An Investigation into the Funding of Scottish Listed Buildings: Comparing the Financial Benefits of Tourism and Hosting Events in Historical Properties
(2015) An Investigation into the Funding of Scottish Listed Buildings: Comparing the Financial Benefits of Tourism and Hosting Events in Historical Properties, no. 71.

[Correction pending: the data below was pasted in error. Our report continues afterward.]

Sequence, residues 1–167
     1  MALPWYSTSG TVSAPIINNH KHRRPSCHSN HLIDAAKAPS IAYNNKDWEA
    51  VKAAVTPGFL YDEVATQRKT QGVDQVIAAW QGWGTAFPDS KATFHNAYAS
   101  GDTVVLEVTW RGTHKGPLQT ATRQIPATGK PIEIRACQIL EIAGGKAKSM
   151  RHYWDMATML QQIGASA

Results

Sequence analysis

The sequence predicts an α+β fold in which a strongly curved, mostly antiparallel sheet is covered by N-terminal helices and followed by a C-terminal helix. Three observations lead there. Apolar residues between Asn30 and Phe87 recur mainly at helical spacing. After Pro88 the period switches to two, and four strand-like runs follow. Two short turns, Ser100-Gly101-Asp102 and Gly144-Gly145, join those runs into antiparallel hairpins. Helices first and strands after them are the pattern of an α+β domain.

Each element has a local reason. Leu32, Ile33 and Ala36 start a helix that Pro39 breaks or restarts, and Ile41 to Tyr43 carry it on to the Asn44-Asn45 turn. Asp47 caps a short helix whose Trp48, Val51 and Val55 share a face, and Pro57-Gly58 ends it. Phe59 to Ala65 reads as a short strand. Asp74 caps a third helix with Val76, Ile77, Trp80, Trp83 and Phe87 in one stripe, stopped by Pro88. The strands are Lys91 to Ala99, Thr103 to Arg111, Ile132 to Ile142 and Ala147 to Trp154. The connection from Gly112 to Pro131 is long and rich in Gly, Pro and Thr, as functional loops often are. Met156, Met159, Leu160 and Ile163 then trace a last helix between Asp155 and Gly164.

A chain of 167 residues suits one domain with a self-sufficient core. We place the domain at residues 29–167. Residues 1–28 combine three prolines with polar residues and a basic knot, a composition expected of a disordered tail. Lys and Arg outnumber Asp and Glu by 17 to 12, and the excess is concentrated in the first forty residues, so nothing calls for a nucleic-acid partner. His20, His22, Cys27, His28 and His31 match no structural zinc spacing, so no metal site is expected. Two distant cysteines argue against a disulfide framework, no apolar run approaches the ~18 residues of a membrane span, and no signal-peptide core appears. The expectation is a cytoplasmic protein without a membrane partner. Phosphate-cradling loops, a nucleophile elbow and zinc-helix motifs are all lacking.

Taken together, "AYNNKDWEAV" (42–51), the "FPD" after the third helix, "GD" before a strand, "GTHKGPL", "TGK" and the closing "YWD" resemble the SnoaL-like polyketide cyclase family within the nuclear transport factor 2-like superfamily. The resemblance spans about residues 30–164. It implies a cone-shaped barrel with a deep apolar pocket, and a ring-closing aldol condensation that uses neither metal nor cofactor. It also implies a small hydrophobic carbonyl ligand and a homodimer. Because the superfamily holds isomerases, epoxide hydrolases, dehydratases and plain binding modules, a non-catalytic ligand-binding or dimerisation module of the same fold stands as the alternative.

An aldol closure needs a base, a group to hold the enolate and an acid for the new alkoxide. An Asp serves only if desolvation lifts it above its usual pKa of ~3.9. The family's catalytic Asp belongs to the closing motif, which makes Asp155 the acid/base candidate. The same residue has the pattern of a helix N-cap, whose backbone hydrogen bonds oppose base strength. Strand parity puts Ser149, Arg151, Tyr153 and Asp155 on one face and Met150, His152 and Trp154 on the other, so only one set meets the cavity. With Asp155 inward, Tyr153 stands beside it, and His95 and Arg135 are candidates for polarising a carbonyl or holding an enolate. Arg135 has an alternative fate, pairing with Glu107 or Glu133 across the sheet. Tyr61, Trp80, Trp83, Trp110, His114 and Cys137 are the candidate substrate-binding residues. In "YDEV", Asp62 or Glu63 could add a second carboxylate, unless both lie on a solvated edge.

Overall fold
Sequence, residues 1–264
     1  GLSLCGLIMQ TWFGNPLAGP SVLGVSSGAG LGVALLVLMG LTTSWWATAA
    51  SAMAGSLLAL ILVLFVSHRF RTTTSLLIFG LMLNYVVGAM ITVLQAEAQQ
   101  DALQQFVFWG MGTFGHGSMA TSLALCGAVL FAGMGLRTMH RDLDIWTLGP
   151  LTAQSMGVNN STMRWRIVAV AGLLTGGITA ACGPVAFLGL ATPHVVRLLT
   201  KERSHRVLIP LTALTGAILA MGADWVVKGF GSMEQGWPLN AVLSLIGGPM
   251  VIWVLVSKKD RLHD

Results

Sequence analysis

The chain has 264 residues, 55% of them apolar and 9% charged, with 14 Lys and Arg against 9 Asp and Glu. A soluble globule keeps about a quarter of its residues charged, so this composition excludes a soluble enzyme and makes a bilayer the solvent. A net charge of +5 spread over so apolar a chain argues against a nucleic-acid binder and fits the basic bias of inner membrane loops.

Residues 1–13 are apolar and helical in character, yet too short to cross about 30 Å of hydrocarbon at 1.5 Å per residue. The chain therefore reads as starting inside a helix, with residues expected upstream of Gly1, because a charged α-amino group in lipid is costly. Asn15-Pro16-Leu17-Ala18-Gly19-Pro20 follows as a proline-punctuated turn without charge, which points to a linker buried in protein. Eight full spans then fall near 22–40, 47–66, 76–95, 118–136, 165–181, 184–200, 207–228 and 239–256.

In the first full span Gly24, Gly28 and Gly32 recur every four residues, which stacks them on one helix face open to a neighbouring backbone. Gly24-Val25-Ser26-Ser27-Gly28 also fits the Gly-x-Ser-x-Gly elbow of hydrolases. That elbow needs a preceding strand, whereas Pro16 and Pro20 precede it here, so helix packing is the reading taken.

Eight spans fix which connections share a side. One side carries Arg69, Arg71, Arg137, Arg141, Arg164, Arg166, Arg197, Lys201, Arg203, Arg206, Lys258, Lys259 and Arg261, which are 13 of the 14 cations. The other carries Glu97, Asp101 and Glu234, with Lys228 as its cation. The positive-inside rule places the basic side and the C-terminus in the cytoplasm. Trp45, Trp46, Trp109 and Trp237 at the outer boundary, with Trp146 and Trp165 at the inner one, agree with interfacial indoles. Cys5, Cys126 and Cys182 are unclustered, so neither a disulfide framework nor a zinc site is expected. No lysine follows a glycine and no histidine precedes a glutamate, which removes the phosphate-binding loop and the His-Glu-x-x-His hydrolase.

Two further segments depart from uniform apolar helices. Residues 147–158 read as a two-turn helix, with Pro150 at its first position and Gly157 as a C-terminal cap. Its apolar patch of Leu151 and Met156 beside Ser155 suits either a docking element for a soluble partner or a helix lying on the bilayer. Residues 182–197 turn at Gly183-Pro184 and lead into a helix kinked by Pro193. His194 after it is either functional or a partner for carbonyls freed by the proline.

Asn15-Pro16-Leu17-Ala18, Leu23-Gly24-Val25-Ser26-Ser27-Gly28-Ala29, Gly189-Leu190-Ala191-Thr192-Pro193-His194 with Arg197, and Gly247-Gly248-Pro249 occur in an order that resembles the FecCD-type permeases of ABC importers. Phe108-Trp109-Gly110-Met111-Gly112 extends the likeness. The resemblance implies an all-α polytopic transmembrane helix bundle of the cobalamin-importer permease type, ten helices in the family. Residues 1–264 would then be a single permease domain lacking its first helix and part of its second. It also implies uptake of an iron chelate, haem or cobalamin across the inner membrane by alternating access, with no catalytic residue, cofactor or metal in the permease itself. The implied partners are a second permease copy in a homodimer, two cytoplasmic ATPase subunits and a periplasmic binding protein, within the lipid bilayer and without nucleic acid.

Scottish listed buildings have a variety of benefits for the country; whether it is through input to the economy or creating a destination image and national identity, their importance is evident. As there are in place a number of regulations to preserve these buildings the cost and time factors implicated with their maintenance and conservation can prove prohibitive. The researcher identified the need for a study into the most beneficial way of supporting the maintenance of these buildings; in particular through the use of tourism and hosting events. This would analyse the benefit and constraints of both income streams and evaluate which would be most constructive over a variety of properties. The aim of the research was to investigate how Scottish listed buildings currently make an income and establish whether events are a viable option to conserve and maintain historic buildings economically. Three objectives were developed to ensure this was answered, they were : • to investigate and present grants and funds currently available to Scottish listed buildings, • conduct an investigation with regard to how Scottish listed buildings currently fund themselves, • to identify the benefits of events and tourism as avenues for income to present as a comparison which is most profitable for listed buildings. After evaluating possible research designs it was concluded that a qualitative approach was to be taken in the form of semi-structured interviews. These were conducted with either proprietors or managers of Scottish listed buildings to gain an insight to their perspectives and attitudes on both events and tourism. The data collected through the interviews was then correlated to the literature to identify any recurring themes. One of the most significant themes was the use of listed buildings as a motivation for events and tourism, which was highlighted through both the literature review and the findings. Secondly the limitations placed on listed buildings were highlighted and in addition to this the lack of funding they received from governing bodies. The way in which Scottish listed buildings are currently fund themselves was examined which also presented a number of unsuccessful income streams. Lastly a comparison was made between the benefits of both hosting events and tourism to surmise how each would be applicable to a range of buildings and circumstances. This demonstrated the advantages and restrictions each different property had in developing into either avenue and highlighted that an ultimate solution to whether events or tourism was the most successful was unlikely.